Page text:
What Not to Wear as a Wedding Guest This Summer
f you're dreading purchasing another dress to wear to your eighth wedding this summer, we get you—wedding season is a lot to handle. There's no shame in re-wearing outfits from one event to another, and you can pretty much wear any dress of your choosing so long that it is appropriate for a wedding. That last part is important, as there are a number of different outfit mishaps that often occur at weddings, the pros say. To ensure you don't make a fashion misstep, we chatted with four stylists to find out what you can and can't wear as a guest this summer. Here are their best suggestions on what to avoid.
Anything that even resembles white.
You know the drill—the bride should be the only one wearing white at the wedding. This includes every color that could potentially be considered in the white family, such as cream, bone, ivory, beige, and off-white. The one and only exception to this rule is if the bride and groom are having a "white-themed wedding" and request that their guests wear the hue. Still, even in this case, Ali Levine, celebrity stylist, fashion expert, and TV personality, warns guests never to wear anything that looks like a wedding dress.
If you're thinking of pulling a throwback to that iconic Britney Spears and Justin Timberlake denim moment, don't. "Save your jeans for the backyard BBQ! Jeans are not welcome at a wedding no matter how casual it is," says Toni Ferrara, a celebrity stylist who's dressed Kim Kardashian, Matthew McConaughey, and Kate Beckinsale. "It's just not a fabric that is meant to have a wedding moment." Make sure your date knows this, too.
Anything too revealing.
Style experts agree that all eyes should be on the bride. "Drawing attention to you in a 'sexual' way is disrespectful in my opinion," says Rayne Parvis, a certified Style Coach, personal stylist, media personality and author of Ultimate Guide to Style: From Drab to Fab!. She recommends staying away from anything too tight, that reveals too much cleavage, or with a completely open back. "A great rule of thumb is to accentuate one body part in a respectful way, not all three; cleavage, legs, and back," she adds. Mayes agrees, adding, "Not only will your outfit be frowned upon, but you just may fall right out of that extremely plunging neckline."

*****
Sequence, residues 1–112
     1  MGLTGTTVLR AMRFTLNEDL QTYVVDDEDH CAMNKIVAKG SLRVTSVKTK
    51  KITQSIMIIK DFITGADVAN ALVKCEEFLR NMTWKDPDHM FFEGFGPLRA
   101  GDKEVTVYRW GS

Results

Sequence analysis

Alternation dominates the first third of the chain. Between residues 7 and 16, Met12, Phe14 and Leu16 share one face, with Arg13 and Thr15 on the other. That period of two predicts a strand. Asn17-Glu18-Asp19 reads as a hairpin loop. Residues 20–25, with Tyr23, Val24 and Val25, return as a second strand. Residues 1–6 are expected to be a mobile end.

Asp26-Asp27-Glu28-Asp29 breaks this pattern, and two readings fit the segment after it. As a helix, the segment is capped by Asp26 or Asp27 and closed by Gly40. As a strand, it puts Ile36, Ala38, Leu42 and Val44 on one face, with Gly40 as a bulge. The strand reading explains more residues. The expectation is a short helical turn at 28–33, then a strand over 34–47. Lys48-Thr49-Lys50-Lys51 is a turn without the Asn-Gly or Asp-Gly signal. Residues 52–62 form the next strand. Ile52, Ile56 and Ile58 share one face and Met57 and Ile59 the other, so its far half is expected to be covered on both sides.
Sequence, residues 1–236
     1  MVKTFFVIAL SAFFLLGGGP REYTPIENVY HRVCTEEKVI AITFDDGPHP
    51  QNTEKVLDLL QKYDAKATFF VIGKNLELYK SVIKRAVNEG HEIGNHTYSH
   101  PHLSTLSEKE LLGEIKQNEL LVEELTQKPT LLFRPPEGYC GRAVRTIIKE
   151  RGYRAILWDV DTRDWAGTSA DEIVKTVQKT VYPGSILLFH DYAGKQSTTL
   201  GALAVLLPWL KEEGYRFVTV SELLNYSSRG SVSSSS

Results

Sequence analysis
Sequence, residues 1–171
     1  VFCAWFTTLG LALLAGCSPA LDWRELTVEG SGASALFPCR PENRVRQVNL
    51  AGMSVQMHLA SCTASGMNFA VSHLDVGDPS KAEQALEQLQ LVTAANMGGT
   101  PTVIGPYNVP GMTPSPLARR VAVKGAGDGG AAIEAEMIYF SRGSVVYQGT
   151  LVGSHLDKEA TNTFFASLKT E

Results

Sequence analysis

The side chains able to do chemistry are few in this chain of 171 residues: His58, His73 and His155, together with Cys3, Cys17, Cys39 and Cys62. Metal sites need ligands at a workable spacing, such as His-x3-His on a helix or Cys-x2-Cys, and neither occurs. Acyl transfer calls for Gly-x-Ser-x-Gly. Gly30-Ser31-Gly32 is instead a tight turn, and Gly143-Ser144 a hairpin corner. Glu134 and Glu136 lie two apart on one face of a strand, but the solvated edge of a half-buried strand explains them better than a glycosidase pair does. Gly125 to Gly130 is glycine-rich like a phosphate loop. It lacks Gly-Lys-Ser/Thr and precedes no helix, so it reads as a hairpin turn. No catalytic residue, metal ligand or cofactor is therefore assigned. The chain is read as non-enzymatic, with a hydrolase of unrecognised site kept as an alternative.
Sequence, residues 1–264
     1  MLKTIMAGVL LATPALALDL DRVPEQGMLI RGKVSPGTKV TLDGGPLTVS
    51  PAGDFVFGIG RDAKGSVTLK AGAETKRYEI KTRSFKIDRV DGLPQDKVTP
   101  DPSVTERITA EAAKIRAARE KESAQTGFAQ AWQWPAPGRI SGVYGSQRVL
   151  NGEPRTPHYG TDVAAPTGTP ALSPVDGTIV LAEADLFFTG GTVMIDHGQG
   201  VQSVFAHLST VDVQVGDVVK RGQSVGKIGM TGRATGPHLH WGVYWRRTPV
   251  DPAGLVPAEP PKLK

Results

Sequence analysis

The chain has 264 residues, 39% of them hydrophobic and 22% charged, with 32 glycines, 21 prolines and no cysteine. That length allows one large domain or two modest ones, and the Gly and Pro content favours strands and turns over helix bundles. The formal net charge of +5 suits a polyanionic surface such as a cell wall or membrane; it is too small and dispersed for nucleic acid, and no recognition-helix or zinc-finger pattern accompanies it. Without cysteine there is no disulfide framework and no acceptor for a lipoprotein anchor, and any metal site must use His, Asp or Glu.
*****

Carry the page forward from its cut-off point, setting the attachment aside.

Levine recommends wearing colors that are in-line with the summer season, so keep your orange-, auburn- and maroon-colored gowns in the closet until fall and winter. "Certain colors, fabrics, and aesthetics tell us it's summer and makes us feel a certain way about that season," she says. "Do not show up wearing fall colors and heavy fabrics in June, July, or August."
A dress that matches the wedding colors.
Unless you're in the wedding party, Parvis warns against intentionally wearing colors to match. "If you're not a bridesmaid and you show up dazzling in the same color, it will appear you're trying to be part of the wedding party versus a guest," she says. "You'll get questions and confusing looks."
An oversized hat.
Sure, you hate it when the sun's in your eyes, but that's what sunglasses are for. Leave your oversized hats out of the equation when it comes to selecting your wedding attire. "Excessively large hats may block the view of the other guests, especially if you are seated in the front row," says Ty-Ron Mayes, a celebrity stylist who appeared on America's Next Top Model. "If you do not want to wear a smaller hat, consider a fascinator. Your sense of style and appropriateness will be well received."
Anything too casual.
It might be hot, or even a beach-themed wedding, but leave your poolside attire where it belongs. "Unless the bride and groom tells you in the invitation to bring a change of casual clothing, or that it is a casual affair, stay nicely dressed," says Levine. The same goes for your shoes. "Leave sandals at home—even if they're beautiful."